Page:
Leasing too much (or too little) office space can be a costly mistake, however determining exactly how much space you require is one component of the leasing process that is often rushed or inaccurate.
Unfortunately, our industry is partially to blame for this. Tenants often think they need more space than they actually do, and since a broker earns more when you lease more, they may be the last person to tell you that you could scale back.
Taking the time to identify the size, configuration and quantity of each element of your new office will not only save you time and money down the road, but chances are you’ll find that you require less space than you originally thought you did.
Old rules of thumb such as, “tech tenants require 150 square feet per employee, and law firms require 350” is an unreliable measure and nothing more than an insightful metric for spotting a gross irregularity; there are far too many variables involved in determining your space requirement to simplify it in this way.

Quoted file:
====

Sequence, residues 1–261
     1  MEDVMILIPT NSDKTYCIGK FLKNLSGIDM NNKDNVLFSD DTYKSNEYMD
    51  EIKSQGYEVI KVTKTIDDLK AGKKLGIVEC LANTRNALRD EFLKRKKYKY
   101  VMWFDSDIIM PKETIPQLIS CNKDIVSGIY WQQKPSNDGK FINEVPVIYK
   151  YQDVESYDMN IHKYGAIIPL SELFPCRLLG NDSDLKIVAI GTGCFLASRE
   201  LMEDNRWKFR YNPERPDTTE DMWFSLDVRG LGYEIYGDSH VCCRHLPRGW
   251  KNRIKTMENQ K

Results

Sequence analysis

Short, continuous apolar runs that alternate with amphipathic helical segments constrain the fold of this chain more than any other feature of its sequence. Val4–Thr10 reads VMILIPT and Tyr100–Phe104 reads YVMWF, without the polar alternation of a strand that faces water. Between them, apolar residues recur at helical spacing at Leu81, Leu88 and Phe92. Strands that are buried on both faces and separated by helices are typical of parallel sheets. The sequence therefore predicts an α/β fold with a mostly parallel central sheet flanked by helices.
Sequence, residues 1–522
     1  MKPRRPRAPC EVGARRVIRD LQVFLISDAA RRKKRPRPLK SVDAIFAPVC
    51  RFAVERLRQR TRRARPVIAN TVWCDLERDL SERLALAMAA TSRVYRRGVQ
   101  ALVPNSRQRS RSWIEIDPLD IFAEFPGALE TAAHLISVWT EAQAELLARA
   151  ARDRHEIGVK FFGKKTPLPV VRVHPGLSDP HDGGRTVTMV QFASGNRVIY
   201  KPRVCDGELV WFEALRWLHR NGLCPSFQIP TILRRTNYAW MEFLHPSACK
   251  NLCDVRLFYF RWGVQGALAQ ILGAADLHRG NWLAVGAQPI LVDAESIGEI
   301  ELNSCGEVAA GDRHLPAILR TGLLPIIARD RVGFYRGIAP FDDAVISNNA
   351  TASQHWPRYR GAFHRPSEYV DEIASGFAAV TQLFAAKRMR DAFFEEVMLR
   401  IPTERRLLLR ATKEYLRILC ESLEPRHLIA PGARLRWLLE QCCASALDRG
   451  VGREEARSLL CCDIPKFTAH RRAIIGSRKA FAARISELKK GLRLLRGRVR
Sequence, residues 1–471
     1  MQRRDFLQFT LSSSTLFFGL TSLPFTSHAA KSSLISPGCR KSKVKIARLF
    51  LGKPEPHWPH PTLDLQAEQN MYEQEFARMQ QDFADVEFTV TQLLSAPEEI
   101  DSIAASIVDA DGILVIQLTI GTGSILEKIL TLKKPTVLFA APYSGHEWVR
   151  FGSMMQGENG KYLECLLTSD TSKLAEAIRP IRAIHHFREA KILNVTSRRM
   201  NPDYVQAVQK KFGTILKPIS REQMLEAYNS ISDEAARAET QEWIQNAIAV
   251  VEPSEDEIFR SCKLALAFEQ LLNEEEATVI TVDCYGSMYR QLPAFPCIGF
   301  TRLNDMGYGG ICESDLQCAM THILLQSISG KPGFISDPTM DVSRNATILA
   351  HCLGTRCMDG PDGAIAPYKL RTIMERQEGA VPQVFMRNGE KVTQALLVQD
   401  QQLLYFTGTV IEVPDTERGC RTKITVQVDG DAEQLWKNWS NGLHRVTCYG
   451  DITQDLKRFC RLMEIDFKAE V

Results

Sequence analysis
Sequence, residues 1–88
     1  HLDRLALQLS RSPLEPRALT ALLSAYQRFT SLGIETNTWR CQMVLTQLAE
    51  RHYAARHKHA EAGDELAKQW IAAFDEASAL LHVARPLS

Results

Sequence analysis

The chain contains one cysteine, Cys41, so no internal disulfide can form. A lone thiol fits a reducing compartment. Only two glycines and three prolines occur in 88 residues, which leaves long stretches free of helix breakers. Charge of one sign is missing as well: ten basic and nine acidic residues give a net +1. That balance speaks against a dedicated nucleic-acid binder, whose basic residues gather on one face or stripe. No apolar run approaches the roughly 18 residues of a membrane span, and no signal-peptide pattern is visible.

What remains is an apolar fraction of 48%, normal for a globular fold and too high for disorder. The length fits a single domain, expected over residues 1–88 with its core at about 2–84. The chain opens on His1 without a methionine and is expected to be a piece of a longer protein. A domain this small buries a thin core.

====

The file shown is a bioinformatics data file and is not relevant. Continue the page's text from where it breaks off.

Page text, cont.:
A better and more accurate solution is to take an analytical approach by using a tried and true Excel spreadsheet.
First, calculate the quantity and size of all your desired offices, cubes, conference rooms and supporting spaces such as kitchens, server rooms, storage closets, reception area so as to arrive at your Net Square Footage.
Then factor the following into your spreadsheet as they’ll substantially affect your true space requirement.
- Circulation Factor – this is simply “the space between” and takes into account all the interior space that hasn’t yet been accounted for such as hallways and walkways between cubes.
- Load Factor – Buildings add a percentage on top of the actual square footage of your office to account for common areas such as lobbies, restrooms and hallways. This is the difference between the Useable Square Footage (USF) and Rentable Square Footage (RSF). Properties can vary greatly in how efficient they are, and a good broker will not overlook this important factor.
Finally, this exercise will yield an accurate square footage of what you require today, but what about in the future? Take time to consider factors that will affect your space requirement throughout the term of your lease such as hiring or consolidation, planned mergers and acquisitions and changing in funding schedules.